At the ripe old age of 3, my older daughter has begun flirting with falsehoods. So far, the few lies she has told have been comically bad and easy to spot. Her dad and I usually laugh at them with an amused, “Oh, yeah?” But now that I’ve stopped to consider, that strategy seems flawed.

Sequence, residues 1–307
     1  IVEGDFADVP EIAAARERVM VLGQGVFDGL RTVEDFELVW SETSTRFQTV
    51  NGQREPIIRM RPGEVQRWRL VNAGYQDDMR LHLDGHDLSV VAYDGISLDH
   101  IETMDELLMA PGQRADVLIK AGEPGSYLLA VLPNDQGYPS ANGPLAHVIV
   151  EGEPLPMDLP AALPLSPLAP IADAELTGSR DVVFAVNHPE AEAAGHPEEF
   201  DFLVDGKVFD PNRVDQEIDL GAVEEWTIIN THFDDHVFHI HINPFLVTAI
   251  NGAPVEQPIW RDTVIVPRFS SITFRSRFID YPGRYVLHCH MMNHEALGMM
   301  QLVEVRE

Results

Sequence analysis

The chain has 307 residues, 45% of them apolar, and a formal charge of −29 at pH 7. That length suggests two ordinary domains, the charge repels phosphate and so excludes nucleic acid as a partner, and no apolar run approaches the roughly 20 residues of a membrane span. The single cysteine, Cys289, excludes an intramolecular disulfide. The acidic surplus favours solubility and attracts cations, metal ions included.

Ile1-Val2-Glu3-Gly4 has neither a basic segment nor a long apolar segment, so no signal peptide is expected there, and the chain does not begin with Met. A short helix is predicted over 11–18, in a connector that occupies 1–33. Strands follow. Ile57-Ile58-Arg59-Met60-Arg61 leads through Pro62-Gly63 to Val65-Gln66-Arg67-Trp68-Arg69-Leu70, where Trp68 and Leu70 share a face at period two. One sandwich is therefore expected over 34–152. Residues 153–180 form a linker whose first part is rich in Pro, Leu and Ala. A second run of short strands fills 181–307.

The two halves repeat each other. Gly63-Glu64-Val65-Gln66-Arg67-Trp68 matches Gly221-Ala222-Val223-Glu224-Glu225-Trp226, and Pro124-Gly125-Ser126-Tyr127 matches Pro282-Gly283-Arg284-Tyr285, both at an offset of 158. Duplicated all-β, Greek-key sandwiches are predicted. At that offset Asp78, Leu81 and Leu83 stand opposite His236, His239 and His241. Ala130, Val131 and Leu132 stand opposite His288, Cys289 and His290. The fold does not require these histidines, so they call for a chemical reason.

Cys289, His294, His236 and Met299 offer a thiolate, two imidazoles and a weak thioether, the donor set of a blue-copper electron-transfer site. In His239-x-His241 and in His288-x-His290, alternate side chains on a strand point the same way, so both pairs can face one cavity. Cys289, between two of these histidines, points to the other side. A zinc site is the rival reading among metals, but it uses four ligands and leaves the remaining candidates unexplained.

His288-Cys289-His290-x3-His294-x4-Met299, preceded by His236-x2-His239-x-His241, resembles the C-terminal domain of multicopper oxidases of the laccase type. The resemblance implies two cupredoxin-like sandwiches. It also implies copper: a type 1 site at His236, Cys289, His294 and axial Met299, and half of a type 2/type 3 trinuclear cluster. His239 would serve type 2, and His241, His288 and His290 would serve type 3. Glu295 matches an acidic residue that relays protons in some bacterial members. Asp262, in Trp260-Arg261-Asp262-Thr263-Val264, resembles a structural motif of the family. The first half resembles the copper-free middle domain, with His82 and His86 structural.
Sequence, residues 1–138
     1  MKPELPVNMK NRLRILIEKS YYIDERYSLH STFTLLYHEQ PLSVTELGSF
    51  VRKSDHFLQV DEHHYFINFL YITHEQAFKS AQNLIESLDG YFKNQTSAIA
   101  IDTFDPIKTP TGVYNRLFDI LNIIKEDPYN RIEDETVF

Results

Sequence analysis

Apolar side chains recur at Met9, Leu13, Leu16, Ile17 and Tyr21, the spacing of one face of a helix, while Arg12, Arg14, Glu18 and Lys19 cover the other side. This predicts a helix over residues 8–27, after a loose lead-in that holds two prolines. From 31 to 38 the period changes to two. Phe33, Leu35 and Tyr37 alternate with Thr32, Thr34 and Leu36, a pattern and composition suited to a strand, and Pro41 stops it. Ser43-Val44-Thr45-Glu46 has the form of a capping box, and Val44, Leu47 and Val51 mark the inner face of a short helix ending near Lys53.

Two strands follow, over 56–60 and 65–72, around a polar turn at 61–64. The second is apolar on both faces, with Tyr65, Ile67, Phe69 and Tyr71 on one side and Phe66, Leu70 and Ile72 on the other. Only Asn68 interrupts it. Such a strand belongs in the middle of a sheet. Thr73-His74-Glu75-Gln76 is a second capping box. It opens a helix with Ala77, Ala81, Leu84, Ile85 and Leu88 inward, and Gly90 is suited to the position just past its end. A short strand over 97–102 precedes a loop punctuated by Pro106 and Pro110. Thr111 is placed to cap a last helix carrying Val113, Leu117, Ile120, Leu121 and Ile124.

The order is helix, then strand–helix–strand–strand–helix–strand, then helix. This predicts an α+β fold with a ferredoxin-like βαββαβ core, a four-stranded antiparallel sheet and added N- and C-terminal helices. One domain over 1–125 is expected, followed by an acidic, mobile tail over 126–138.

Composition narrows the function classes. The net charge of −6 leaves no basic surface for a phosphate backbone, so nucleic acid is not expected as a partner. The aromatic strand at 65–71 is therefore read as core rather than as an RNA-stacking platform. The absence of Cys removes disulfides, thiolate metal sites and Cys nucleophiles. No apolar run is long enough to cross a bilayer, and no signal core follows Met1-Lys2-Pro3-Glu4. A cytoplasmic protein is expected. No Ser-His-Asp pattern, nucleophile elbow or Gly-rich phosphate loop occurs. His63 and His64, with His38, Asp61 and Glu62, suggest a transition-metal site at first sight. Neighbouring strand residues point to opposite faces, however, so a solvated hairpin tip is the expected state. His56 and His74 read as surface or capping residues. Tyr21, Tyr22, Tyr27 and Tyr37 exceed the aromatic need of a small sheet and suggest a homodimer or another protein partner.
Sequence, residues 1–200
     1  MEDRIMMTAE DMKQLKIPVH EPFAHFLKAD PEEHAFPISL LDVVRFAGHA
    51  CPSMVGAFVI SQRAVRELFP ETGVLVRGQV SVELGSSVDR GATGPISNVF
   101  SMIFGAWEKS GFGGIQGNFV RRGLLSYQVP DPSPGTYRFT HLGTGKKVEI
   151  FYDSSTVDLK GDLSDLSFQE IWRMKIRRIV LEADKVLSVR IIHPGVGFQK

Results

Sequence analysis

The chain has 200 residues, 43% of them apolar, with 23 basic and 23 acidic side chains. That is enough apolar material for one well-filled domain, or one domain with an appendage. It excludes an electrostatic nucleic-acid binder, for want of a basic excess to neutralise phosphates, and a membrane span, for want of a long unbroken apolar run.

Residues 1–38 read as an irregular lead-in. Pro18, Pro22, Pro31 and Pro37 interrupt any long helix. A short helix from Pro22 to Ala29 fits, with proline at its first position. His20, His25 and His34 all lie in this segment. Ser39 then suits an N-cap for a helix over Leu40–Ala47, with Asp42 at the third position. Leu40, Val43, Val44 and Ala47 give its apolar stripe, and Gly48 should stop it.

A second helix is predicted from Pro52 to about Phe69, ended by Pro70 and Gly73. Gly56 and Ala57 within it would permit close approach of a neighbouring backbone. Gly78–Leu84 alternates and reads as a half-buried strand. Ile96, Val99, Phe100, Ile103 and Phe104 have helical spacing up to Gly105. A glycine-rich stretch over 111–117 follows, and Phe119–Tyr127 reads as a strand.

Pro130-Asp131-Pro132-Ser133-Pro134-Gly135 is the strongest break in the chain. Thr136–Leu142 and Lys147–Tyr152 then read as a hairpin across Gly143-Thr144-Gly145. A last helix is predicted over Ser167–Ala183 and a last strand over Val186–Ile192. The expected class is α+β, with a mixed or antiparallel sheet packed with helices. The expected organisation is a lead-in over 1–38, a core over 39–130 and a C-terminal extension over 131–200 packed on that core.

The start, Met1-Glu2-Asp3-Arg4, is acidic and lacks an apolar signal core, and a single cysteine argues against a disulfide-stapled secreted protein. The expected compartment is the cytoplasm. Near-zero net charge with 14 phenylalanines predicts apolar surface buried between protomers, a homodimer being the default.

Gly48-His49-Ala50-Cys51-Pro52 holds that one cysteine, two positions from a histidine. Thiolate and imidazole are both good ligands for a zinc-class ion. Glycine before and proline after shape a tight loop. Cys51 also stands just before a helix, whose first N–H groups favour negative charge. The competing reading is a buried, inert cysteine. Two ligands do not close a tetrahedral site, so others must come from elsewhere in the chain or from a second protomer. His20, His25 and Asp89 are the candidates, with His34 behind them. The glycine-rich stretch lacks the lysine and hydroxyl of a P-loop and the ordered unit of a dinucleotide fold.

While reporting a story on adult lying, I had the pleasure of talking with developmental psychologist Victoria Talwar of McGill University, who studies lying in children. I told her about an episode last week, in which I watched my older daughter swat my younger one. Instead of simply accepting reality and scolding her, my reaction was to question it further. “Did you just hit your sister?” After a pause, the guilty one offered a slightly confused “no.”